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Multiple lighting zones on one ciruit.
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Multiple lighting zones on one ciruit.

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Multiple lighting zones on one ciruit.
Residential Wiring - The Right Way!

Wiring Information for the Do It Yourself Homeowner

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Thread: Multiple lighting zones on one ciruit.

  1. #1
    Join Date
    Feb 2013
    Posts
    1

    Default Multiple lighting zones on one ciruit.

    What a great resource I have found here, thanks!!!!!

    I am renovating my basement and have a question about lighting circuits. I am planning on having more than one "lighting zone" on each circuit (yes, I know to not overload the breaker). My question is, I want to run 4 can lights controlled by 3 pole switches (two Locations) 3 Separate times, ON THE SAME BREAKER... help with a diagram?? It would be 12 lights with 6 switches.... does that make sense?

    I understand basic wiring, but I am having trouble visualizing these connections.

  2. #2
    Join Date
    Feb 2012
    Location
    Lala land, OH
    Posts
    237

    Default

    You never told us the wattage of the lights. (go with largest bulb thats allowed for calculations). With 12 100 watt bulbs (which are being phased out in most of the world) you are only using 1200 watts. Thats a about the same as a small space heater. If you had 12 60 watt bulbs thats only 720 watts. 1800 watts is 15 amps. (2400 is 20 amps). You are fine if this is the only thing on the circut. Something to keep in mind....If this breaker would trip then the whole basement would be dark if these are your primary lights. If you do not have other lighting that is in regular use then I would make this a dedicated circuit or split it just for the purpose of not going totally dark if something happens.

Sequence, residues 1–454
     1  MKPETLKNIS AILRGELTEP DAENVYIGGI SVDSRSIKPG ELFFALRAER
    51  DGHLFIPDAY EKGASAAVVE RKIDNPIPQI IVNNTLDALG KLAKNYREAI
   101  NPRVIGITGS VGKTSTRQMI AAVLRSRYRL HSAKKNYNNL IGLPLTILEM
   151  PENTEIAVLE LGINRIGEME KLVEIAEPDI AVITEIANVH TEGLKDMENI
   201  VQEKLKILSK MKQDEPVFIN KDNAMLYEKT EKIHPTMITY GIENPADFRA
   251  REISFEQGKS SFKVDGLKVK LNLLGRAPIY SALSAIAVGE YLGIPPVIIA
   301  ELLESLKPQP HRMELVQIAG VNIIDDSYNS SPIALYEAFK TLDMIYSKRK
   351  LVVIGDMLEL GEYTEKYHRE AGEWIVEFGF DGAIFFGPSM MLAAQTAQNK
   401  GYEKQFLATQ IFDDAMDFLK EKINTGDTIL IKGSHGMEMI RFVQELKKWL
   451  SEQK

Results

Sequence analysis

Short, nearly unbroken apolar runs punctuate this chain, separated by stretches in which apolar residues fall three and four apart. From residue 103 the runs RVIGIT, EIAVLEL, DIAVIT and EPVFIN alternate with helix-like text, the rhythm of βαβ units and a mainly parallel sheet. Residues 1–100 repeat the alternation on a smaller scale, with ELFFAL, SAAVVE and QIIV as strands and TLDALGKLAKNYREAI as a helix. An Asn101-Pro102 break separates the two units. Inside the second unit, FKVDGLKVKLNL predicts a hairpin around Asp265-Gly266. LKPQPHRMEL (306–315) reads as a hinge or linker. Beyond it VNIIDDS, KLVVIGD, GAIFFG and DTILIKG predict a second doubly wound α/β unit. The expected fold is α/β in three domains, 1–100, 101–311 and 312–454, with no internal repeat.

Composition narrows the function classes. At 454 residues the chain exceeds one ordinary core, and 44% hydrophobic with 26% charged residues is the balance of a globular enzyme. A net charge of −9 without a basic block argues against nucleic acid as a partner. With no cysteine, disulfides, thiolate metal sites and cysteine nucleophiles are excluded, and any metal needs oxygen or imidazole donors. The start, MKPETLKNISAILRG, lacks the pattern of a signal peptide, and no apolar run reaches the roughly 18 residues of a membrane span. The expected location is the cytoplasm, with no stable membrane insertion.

As for the wiring. It sounds like you are meaning to say 3 way circuits.
    Here is info on a 3 way circuit:
    http://www.wiringdoneright.com/3wayswitch/

    Here is info on hooking up mulitple lights:
    http://www.wiringdoneright.com/multiplefixture/

    At the bottom of each page is links to different circuits based on where power enters the circuit at.

    Keep your box fill in mind. 3 way circuits can put you over the limits very fast. Do your calculations before you buy boxes so you get the right size. I dont have a link to a box fill calculator (someone else on here might), but if you search for "calculating electrical box fill" you should find all the info you need.
    Last edited by dkerr; 07-16-2013 at 03:44 PM. Reason: update links

  3. #3
    Join Date
    Feb 2012
    Location
    Welland Ontario
    Posts
    400

    Default

    Will the switches be in the same box as in 2 boxes with three switches each controlling three banks of lights? Or maybe one box with three switches and thre more boxes with one switch each? Basically you will be duplicating this circuit three times.

    Multiple lighting zones on one ciruit.-sw-sw-lt-lt-lt-jpg
    Operation Overlord.

  4. #4
    Join Date
    Nov 2012
    Location
    Welland, Ontario Canada
    Posts
    48

    Default

    To help clarify what Chris has posted, if we refer to switch #1 as the three where the power enters the box and Switch #2 where the wire to the fixture comes from...

    In switch #1 the black feed wire (commonly referred to as the ?hot? wire) will attach to the common screw of each switch. This can be done either by connecting small pieces of wire from each switch to the black feed wire or by baring the insulation in two places on the feed wire and ?looping? it around the common screw of two switches then baring the end for a final connection to the third switch.

    In switch #2, each black wire to the fixture goes to each individual switch. There is no ?looping? or pig tailing in this box.

    In both boxes, all the whites are connected together.

    Cheers

    John
    John Kuehnl-Cadwell
    Master Electrician
    Datawise Solutions Inc
    www.datawisesolutions.ca

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